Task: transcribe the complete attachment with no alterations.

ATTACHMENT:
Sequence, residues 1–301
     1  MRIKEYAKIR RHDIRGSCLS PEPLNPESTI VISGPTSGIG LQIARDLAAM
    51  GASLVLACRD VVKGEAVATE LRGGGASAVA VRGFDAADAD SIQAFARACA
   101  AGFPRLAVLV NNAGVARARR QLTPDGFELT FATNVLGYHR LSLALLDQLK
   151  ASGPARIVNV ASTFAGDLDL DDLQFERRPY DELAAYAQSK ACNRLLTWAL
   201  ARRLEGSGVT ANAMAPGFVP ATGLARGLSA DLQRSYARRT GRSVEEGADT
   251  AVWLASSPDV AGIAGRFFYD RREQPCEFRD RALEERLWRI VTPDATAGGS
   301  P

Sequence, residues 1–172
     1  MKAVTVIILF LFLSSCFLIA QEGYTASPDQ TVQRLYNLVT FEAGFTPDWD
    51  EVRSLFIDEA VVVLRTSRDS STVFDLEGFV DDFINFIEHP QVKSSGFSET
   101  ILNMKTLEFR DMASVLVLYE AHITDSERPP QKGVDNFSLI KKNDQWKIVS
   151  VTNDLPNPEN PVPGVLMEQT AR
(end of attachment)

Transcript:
Sequence, residues 1–301
     1  MRIKEYAKIR RHDIRGSCLS PEPLNPESTI VISGPTSGIG LQIARDLAAM
    51  GASLVLACRD VVKGEAVATE LRGGGASAVA VRGFDAADAD SIQAFARACA
   101  AGFPRLAVLV NNAGVARARR QLTPDGFELT FATNVLGYHR LSLALLDQLK
   151  ASGPARIVNV ASTFAGDLDL DDLQFERRPY DELAAYAQSK ACNRLLTWAL
   201  ARRLEGSGVT ANAMAPGFVP ATGLARGLSA DLQRSYARRT GRSVEEGADT
   251  AVWLASSPDV AGIAGRFFYD RREQPCEFRD RALEERLWRI VTPDATAGGS
   301  P

Sequence, residues 1–172
     1  MKAVTVIILF LFLSSCFLIA QEGYTASPDQ TVQRLYNLVT FEAGFTPDWD
    51  EVRSLFIDEA VVVLRTSRDS STVFDLEGFV DDFINFIEHP QVKSSGFSET
   101  ILNMKTLEFR DMASVLVLYE AHITDSERPP QKGVDNFSLI KKNDQWKIVS
   151  VTNDLPNPEN PVPGVLMEQT AR